Nepenthes bicalcarata (fanged pitcher plant)
Nepenthes bicalcarata, a distinctively ‘fanged’ pitcher plant from Borneo, has a mutually beneficial relationship with ants living inside its tendrils.
About this species
Nepenthes bicalcarata is a pitcher plant from Borneo with two, distinctive fang-like structures that emerge below the lid of each pitcher. The specific epithet bicalcarata derives from the Latin bi, meaning two, and calcaratus, meaning spurred. In 1880 British explorer Frederick Burbidge described these protrusions as ‘walrus-tooth-like prickles’ and likened them to rat-traps.
Early speculation over the function of the spurs included the suggestion that they may deter insectivorous mammals such as tarsiers from removing insects from inside the pitchers. Now it is thought likely that the nectar that accumulates on their tips attracts insects, which then fall off the spurs into the pitcher fluid below.
In addition to feeding on captured and digested insects, N. bicalcarata also obtain nutrients through a mutually beneficial relationship with a species of ant living inside its tendrils.
Geography & Distribution
Nepenthes bicalcarata is native to Borneo, where it is found in northwest Kalimantan, Sarawak, Brunei and southwestern Sabah.
It is locally common in peat-swamp forest and sometimes also occurs in heath forest on white sandy soils. It has been found at up to 950 m above sea level.
Dried specimen of Nepenthes bicalcarata from Kew’s Herbarium
Overview: A terrestrial climber up to 15 m tall. Stem circular in cross-section, about 2 cm in diameter.
Leaves: Thin and stiff, up to 65 × 14 cm. Petiole (leaf stalk) up to 12 cm long, narrowly winged. Nectaries usually present on lower surface of petiole, next to stem. Ten or more longitudinal nerves on each side of midrib.
Pitchers (modified parts of leaves): Greenish orange, with orange to red flush from the covering of hairs. Peristome (collar around the opening) green, rarely red. Lid yellowish above, marbled deep red or purple below.
Lower pitchers up to 13.0 × 6.5 cm with two fringed wings. Nectaries scattered across surface of pitcher. Peristome up to 2 cm wide, ribbed, inner margin with teeth about 0.6 mm long. The uppermost 10–12 ribs are drawn out into a pair of downward curving, sharply pointed thorns up to 2.5 cm long. Lid kidney-shaped. Tendril swollen, up to 12 mm thick, with a thin-walled spot facing the pitcher surface that is often hollowed out and inhabited by ants.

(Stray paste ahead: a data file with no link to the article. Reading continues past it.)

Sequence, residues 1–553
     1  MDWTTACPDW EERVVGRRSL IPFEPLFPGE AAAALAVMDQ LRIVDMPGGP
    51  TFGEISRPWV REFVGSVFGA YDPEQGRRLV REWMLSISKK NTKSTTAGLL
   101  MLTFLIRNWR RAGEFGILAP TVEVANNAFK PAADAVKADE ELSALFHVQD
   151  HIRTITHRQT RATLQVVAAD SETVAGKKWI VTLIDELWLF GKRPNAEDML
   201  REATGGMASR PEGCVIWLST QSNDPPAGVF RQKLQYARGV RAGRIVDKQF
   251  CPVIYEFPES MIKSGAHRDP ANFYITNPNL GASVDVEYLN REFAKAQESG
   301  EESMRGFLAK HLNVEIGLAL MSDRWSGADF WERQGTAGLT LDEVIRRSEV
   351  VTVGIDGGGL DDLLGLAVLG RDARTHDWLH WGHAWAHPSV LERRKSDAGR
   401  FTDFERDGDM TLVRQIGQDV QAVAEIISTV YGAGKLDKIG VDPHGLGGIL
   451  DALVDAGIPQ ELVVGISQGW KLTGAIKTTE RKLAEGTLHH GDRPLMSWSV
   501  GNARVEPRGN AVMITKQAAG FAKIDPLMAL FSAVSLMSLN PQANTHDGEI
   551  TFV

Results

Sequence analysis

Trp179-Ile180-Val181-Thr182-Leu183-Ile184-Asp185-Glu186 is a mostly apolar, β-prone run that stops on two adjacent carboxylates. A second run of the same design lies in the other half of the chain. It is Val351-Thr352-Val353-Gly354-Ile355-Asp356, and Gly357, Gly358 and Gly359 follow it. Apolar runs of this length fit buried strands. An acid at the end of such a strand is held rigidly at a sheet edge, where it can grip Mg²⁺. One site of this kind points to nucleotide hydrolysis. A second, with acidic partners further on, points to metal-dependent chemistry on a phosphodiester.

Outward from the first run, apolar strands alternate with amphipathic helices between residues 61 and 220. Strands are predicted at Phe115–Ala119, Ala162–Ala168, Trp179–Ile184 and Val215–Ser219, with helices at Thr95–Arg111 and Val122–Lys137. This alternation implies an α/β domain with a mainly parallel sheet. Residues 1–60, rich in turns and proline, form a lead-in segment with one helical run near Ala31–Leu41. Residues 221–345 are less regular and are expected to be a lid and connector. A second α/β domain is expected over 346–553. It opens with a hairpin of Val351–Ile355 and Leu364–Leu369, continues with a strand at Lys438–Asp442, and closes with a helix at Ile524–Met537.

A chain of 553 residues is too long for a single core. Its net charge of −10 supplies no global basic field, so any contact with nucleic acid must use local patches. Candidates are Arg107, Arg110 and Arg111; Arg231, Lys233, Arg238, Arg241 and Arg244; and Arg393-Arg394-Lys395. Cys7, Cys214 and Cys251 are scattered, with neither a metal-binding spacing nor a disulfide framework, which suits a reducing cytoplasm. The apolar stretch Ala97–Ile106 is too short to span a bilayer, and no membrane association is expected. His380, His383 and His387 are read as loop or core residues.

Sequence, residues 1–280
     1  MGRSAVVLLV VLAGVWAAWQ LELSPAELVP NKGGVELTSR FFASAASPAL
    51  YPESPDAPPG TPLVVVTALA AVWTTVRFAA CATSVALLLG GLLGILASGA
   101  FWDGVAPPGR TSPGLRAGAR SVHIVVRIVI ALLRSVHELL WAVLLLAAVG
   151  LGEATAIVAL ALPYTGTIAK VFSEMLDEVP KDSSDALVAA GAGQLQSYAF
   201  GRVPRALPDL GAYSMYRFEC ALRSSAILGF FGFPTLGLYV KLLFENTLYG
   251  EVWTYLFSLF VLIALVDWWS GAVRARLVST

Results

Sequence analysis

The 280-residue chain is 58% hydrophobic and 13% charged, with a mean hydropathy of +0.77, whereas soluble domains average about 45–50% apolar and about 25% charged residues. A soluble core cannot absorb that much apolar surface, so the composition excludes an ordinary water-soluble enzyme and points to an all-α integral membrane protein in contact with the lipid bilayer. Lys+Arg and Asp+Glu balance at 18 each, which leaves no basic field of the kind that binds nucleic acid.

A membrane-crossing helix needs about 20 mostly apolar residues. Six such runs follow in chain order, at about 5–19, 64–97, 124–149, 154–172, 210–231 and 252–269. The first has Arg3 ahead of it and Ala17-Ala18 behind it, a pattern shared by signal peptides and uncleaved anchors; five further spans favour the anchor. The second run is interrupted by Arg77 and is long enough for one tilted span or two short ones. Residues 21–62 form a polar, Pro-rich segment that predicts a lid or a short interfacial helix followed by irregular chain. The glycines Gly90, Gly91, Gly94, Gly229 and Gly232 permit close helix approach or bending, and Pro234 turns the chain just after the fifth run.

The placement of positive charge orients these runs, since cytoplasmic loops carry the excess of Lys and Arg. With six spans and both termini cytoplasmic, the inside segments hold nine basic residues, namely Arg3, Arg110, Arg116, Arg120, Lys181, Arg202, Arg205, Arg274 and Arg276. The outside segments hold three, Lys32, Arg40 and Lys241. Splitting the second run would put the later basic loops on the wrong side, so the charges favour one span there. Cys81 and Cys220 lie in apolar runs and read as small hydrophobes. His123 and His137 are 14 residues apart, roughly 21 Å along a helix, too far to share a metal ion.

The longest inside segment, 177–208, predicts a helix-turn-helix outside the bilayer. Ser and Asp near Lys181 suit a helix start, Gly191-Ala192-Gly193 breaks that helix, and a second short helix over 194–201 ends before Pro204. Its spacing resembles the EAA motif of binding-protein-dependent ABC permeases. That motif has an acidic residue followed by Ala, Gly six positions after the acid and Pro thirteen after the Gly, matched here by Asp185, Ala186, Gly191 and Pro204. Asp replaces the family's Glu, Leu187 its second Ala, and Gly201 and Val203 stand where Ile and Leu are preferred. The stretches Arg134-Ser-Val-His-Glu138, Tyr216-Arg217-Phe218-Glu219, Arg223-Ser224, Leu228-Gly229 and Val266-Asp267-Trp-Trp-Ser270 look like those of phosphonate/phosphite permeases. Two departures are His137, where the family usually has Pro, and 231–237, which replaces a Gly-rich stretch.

Upper pitchers up to 13 × 6 cm, with two prominent ribs. Lid up to 4 × 10 cm. Tendril once-coiled.
Male flowers: Tepals deep purple to blackish, 5 × 4 mm, borne in clusters of up to 15 flowers on inflorescences up to 1 m long.
Female flowers: Borne on inflorescences that are shorter than the male inflorescences.
Fruits: Capsules with valves to 3.0 × 0.5 cm. Seeds not yet recorded.
Insects are believed to be attracted to nectar produced by large glands covering the pitchers, especially on the lower surface of the pitcher lid. The ridged and toothed edge (peristome) of the pitcher makes it difficult for any animals that fall in to climb back out. They usually die inside the pitcher, drowning in the liquid secreted in its lower half, where they are then broken down by digestive enzymes into nutrients that become available for use by the plant.
Unusual relationship with ants
Pitchers of Nepenthes bicalcarata often have a swollen tendril with a thin-walled spot that is sometimes hollowed-out and inhabited by ants. These ants (Camponotus schmitzi) benefit not only from a nesting space, but also obtain nutrition from extrafloral nectar and by recovering prey items from pitcher fluid.
Fanged pitcher plant is thought to benefit from this relationship in a number of ways. The ants may fend off herbivores and animals seeking to remove prey items from the pitchers. By removing and consuming large, indigestible prey items they may also protect pitchers from putrefaction. Additionally, research has found that these ants regularly clean the surface of the peristome (collar around the opening of the pitcher). This cleaning increases the prey capture efficiency (by keeping the peristome smooth) and extends the life of the pitcher (it remains functional for longer and hence does not need to be replaced by energy-expensive new growth).